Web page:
6 ADVERSE REACTIONS
General: fatigue, increased appetite, weight loss, heat intolerance, fever, excessive sweating
Central nervous system: headache, hyperactivity, nervousness, anxiety, irritability, emotional lability, insomnia
Musculoskeletal: tremors, muscle weakness and cramps
Cardiovascular: palpitations, tachycardia, arrhythmias, increased pulse and blood pressure, heart failure, angina, myocardial infarction, cardiac arrest
Gastrointestinal: diarrhea, vomiting, abdominal cramps, elevations in liver function tests
Dermatologic: hair loss, flushing
Endocrine: decreased bone mineral density
Reproductive: menstrual irregularities, impaired fertility
Seizures have been reported rarely with levothyroxine therapy.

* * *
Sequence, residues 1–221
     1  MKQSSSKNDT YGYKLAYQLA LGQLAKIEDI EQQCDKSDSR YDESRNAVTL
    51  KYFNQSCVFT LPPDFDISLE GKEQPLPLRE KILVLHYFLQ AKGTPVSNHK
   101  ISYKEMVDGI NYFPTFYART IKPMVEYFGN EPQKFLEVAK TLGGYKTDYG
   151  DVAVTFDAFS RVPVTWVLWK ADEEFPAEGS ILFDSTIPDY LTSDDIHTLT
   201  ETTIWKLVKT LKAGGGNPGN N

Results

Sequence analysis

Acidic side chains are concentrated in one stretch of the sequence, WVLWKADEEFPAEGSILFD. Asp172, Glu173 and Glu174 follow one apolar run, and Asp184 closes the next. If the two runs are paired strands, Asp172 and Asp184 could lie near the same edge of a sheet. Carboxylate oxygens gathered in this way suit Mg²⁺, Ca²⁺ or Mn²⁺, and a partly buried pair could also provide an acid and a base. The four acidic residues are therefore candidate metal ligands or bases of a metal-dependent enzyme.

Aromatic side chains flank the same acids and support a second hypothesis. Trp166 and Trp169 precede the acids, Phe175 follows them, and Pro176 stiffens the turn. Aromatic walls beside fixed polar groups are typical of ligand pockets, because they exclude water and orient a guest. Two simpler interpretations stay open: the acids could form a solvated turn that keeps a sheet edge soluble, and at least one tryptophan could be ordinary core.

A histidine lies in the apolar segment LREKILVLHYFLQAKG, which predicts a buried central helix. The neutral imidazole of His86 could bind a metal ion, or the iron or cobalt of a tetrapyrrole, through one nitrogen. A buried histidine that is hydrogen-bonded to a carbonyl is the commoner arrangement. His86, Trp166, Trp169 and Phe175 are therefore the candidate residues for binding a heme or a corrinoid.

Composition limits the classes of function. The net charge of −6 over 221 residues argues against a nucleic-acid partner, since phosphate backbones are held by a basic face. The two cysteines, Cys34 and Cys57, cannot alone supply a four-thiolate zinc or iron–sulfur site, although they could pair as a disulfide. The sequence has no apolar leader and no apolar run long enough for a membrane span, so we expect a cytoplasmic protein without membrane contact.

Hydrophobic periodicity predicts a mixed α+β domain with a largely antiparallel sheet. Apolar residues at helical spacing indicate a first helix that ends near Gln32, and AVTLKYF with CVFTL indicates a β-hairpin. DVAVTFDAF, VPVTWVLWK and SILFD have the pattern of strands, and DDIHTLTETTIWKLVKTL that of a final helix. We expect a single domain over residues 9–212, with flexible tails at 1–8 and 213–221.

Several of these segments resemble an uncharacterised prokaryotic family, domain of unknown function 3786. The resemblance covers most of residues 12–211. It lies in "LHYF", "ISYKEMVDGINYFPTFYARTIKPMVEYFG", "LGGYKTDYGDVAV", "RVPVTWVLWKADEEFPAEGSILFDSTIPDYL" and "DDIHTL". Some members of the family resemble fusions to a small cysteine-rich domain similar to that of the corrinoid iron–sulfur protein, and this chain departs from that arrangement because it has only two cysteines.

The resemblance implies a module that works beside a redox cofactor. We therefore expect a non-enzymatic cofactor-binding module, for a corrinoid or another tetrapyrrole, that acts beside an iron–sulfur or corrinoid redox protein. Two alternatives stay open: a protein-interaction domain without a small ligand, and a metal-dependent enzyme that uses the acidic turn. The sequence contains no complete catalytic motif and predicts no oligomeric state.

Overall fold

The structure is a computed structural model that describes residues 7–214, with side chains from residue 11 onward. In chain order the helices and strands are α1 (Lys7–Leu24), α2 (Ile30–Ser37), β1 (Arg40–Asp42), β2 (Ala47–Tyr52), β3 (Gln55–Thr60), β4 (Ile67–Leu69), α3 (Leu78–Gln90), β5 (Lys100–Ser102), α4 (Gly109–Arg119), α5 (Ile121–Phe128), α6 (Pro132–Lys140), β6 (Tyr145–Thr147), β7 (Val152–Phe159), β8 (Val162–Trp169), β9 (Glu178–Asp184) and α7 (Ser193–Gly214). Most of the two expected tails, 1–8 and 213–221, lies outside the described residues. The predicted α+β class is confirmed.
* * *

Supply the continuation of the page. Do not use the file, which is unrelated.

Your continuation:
Adverse Reactions in Pediatric Patients
Pseudotumor cerebri and slipped capital femoral epiphysis have been reported in pediatric patients receiving levothyroxine therapy. Overtreatment may result in craniosynostosis in infants and premature closure of the epiphysis in pediatric patients with resultant compromised adult height.
Hypersensitivity reactions to inactive ingredients have occurred in patients treated with thyroid hormone products. These include urticaria, pruritus, skin rash, flushing, angioedema, various gastrointestinal symptoms (abdominal pain, nausea, vomiting, and diarrhea), fever, arthralgia, serum sickness and wheezing. Hypersensitivity to levothyroxine itself is not known to occur.
Choking and Gagging on LEVOXYL Tablets
There have been reports of choking, gagging, tablet stuck in throat, and dysphagia with LEVOXYL tablets, predominately when LEVOXYL tablets were not taken with water [see Dosage and Administration (2.1)].